Mingo County is located in the heart of Central Appalachian coal country. At first blush, it would seem to be the most unlikely of places to be described by the word “sustainable.” Mingo County is one of the poorest, unhealthiest counties in West Virginia. The early death rate is one of the highest in the nation. Almost 40 percent of adults are obese, and the child obesity rate is not much better. One in three of fifth graders have been diagnosed with high blood pressure.

Fifty years ago, Mingo County, by virtue of its location in Central Appalachia, was one of the proving grounds in the War on Poverty. Politicians from Washington, DC, came to the region and said, “We’re going to end poverty in Appalachia.” But poverty wasn’t ended here, and many people who live in the region feel they’ve been stigmatized as losers ever since.

It’s a mindset that McCormick says he shares. And yet he’s thankful for the support provided by federal programs such as SNAP and WIC. In the early 1960s, there was rampant hunger and severe malnutrition in the region, and the social programs created to address those hardships did erase them for the most part. But what the War on Poverty failed to do was to help diversify the economy to be less dependent on coal.

Geologists predict that it will be only another two to three decades before the county’s coal reserves run out. Nearby McDowell County has already been totally mined out. Thus, sustainability is more than leaders recognize that if the place is not only going to survive, but also thrive, residents have to transform the way they see themselves. So the town’s message is designed to give people hope. “Our mission statement isn’t individual projects anymore,” McCormick said. “Our project is creating a more sustainable way of life.” If it sounds like a long shot to some outsiders, you won’t find many people in town without hope.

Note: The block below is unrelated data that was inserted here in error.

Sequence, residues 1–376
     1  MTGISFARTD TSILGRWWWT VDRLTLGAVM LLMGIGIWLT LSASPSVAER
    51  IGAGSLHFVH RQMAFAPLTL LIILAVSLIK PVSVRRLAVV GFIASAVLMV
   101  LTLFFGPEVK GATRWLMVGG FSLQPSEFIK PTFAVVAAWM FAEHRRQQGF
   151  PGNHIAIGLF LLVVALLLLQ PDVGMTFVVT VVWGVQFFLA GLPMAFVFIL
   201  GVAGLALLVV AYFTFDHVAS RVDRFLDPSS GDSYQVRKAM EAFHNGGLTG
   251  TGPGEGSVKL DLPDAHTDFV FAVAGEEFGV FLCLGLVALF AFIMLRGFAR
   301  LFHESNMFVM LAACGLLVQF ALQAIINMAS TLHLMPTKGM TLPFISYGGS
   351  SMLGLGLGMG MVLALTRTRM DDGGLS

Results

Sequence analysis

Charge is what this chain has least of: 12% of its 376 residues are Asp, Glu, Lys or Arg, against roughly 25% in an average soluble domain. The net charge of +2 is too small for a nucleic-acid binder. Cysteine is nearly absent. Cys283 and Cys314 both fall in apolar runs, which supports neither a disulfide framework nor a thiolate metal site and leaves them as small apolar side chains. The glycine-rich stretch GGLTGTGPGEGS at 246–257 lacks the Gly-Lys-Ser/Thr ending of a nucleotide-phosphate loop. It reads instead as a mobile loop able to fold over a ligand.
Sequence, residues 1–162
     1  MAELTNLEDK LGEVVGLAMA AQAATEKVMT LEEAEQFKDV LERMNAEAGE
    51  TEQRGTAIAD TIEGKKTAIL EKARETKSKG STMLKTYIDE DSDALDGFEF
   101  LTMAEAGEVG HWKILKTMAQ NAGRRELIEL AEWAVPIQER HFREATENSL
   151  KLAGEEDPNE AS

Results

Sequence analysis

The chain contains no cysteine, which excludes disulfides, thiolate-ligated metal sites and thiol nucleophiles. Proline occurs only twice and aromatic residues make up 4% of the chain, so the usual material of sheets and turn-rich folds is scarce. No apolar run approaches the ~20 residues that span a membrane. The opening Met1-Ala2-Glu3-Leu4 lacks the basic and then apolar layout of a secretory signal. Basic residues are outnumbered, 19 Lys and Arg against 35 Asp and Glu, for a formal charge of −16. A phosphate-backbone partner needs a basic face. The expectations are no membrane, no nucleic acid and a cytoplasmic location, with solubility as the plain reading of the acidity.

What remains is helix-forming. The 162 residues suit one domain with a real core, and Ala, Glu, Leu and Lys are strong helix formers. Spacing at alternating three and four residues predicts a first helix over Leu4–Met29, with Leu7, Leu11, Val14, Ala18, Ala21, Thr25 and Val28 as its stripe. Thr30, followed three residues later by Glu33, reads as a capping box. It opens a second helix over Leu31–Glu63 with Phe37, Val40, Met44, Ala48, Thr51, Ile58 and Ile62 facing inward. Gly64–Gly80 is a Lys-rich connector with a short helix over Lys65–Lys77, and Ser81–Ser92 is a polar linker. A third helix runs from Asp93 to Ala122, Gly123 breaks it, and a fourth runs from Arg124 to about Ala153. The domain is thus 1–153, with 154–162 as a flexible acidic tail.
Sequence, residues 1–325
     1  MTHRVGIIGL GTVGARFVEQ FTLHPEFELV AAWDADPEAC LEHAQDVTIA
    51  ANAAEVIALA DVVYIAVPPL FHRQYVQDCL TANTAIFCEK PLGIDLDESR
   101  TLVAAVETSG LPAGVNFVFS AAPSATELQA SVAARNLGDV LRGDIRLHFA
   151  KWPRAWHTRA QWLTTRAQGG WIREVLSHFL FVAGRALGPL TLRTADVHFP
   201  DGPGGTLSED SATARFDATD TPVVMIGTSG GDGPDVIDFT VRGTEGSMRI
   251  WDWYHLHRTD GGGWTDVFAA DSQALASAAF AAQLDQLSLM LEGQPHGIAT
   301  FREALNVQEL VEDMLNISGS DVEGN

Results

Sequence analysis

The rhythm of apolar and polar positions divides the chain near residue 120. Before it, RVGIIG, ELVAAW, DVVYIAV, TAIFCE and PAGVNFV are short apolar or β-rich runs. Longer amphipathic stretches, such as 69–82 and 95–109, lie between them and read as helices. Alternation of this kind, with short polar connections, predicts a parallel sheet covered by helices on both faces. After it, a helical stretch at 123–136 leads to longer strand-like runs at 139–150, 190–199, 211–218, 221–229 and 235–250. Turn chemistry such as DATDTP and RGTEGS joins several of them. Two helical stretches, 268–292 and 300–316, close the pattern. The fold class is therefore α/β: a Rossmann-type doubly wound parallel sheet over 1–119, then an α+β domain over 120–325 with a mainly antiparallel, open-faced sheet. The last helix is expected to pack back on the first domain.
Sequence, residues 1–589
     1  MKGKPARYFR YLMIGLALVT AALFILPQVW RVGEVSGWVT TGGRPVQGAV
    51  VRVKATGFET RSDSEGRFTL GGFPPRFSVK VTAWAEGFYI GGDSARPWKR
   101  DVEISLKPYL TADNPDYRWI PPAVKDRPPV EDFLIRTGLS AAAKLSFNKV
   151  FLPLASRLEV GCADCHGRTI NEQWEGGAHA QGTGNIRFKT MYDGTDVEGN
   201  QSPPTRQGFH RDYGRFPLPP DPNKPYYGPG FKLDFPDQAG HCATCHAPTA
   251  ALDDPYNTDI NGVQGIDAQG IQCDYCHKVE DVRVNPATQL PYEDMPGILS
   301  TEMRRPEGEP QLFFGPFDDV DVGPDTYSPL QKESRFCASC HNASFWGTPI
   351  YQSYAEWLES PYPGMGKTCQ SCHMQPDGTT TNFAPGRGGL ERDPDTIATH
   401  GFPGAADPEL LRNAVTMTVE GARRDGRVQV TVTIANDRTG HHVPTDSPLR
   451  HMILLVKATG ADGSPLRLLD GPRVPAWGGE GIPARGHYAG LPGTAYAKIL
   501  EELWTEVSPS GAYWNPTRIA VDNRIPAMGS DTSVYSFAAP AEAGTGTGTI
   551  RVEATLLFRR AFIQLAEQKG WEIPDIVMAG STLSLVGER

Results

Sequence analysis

One priority is stemming the diabetes epidemic. “Health, quality of life, and economic development issues are inseparable,” says Dr. Christopher D. Beckett, who grew up in Williamson and goes by Dino to people around town. Mingo County is located in what is sometimes called the nation’s diabetes belt: 644 counties spanning 15 states. For the country to make progress against the rising costs of health care, it will have to develop innovative approaches to managing diabetes. In 2011, the Mingo County Diabetes Coalition was established with support from a federal grant to pilot such approaches and ultimately help reduce the cost of diabetes to the Medicaid and Medicare programs. The Centers for Disease Control and Prevention reports that if current trends continue, as many as 1 in 3 U.S. adults could have diabetes by 2030. Places like Mingo County are today’s proving ground to try to reverse those trends.